The piano became the centre of Joey’s life that night. Through it, he could express himself. The tone of the music was a reflection of how he was feeling. His mood swings stabilised and he spent less time in repetitive routines. To begin with, he still practiced on his blocks but over the years, grew more confident and played with skill and passion.

I have seen gifted musicians pass through my life but no one has touched me like Joey. Ten years on, he has still never spoken to me, looked me in the eye or displayed any emotion. However, he knows me, and when I arrive, he drifts to the piano. “Amazing Grace, please, Joey.” I always have the same request and my heart soars as warm notes and contentment cascade from his fingers.

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Member Comments
Member Date
cindy yarger03/15/07
This is beautiful - I hope that it's a true story. Well done.
julie wood03/15/07
I loved this story! Am very much interested in reading about people with autism, since I have a touch of it myself. It was exciting for me to read somebody else's story on faithwriters about this topic!

The characters came alive for me in this through the narrator's vivid descriptions of the little boy's behaviors (I also used to bang my fists together a lot, though for me that was an expression of pleasure}, and her own feelings for and about him. Very moving.

I have some good friends with assorted brain differences at a couple of nearby nursing homes, and one thing we all seem to have in common is a passion for music--especially for singing hymns!

Thanks for sharing!
Donna Howard03/15/07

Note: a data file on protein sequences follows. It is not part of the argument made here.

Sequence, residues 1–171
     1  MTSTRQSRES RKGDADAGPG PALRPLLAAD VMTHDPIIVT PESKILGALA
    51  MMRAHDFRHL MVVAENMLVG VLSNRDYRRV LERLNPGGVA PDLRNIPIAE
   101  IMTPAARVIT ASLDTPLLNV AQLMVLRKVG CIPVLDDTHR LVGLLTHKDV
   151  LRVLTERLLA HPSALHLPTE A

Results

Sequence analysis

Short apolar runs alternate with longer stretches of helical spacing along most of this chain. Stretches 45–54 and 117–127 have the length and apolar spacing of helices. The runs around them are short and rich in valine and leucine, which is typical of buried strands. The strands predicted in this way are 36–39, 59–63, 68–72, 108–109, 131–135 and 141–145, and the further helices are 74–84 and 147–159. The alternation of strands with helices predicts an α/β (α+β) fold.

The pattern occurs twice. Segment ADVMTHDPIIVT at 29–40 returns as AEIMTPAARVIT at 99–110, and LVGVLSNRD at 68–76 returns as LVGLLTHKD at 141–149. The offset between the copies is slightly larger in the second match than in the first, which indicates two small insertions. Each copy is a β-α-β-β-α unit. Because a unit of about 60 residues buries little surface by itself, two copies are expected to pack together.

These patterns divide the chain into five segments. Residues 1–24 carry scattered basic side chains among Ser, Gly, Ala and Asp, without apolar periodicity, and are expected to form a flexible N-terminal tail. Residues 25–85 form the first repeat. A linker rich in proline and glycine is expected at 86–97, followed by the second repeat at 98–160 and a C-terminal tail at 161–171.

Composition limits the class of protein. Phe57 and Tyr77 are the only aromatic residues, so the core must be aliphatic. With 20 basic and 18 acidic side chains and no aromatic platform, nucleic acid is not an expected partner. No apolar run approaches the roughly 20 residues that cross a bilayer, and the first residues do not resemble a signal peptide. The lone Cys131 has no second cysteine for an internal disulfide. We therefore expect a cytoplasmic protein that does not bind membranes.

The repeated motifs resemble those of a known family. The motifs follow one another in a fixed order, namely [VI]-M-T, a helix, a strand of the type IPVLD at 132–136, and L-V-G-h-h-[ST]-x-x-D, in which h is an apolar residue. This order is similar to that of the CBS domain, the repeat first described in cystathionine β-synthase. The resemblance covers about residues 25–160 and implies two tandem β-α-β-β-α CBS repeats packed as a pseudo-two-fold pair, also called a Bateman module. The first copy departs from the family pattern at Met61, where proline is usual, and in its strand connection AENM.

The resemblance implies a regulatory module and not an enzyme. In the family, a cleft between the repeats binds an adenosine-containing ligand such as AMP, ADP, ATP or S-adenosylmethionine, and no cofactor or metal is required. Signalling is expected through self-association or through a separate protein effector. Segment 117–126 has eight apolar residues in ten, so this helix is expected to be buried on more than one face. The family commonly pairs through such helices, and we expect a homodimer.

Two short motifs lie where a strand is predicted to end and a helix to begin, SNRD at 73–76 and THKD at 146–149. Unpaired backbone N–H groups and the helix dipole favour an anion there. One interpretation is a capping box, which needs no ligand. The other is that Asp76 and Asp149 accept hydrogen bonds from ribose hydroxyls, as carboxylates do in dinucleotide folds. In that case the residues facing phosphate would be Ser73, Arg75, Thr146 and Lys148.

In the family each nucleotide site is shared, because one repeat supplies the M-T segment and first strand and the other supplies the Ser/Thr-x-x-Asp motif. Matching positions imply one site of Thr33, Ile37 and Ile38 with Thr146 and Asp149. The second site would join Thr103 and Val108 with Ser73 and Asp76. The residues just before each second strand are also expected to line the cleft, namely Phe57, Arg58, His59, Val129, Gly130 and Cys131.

The is absolutely beautiful. I have a 14-year-old grandson who is autistic. He has always liked music also, and is now taking guitar lessons. You have captured him perfectly. Great job!
Loren T. Lowery03/15/07
You've touched a universal chord with this writing - a lesson of reaching out, not giving up, believing and knowing somehow, despite the quiet, a soul is listening. Wonderful job
carol woien03/15/07
Great story - it brought tears to my eyes! I love the name Joey since that is my son's name. It kept me interested throughout. Great writing!
Julie Arduini03/16/07
This was amazing. So poignant, you had me captivated by the mom, Joey and the teacher. I have a lump in my throat. Bravo!
Mo 03/16/07
Marilyn Schnepp 03/16/07
Oh, what a delightful, charming and touching story. Enough to bring a lump to the throat & tear to the eye. Great story...hope it is non-fiction.
Verna Cole Mitchell 03/17/07
A beautiful story--start to finish! Well done!
Leigh MacKelvey03/18/07
Oh, I hope this places in E.C It should be published and available for lots of people to read. I loved the part about how hymns were his favorites. I just know the Sprit moves through hymns and touches and heals within. Great writing becuase it evokes such emotion.
Jacquelyn Horne03/19/07
What a wonderful story! I was so engrossed in the story that I wouldn't know if there were any errors. Very good piece in my opinion.
Bonnie Way03/22/07
Great story! I loved this. Very realistic portrayal of an autistic child, a mom's struggles, and the teacher's doubts. Congratulations on your well-deserved win!
Loren T. Lowery03/22/07
Glad to see you name up here in the winner's circle. Congratulations.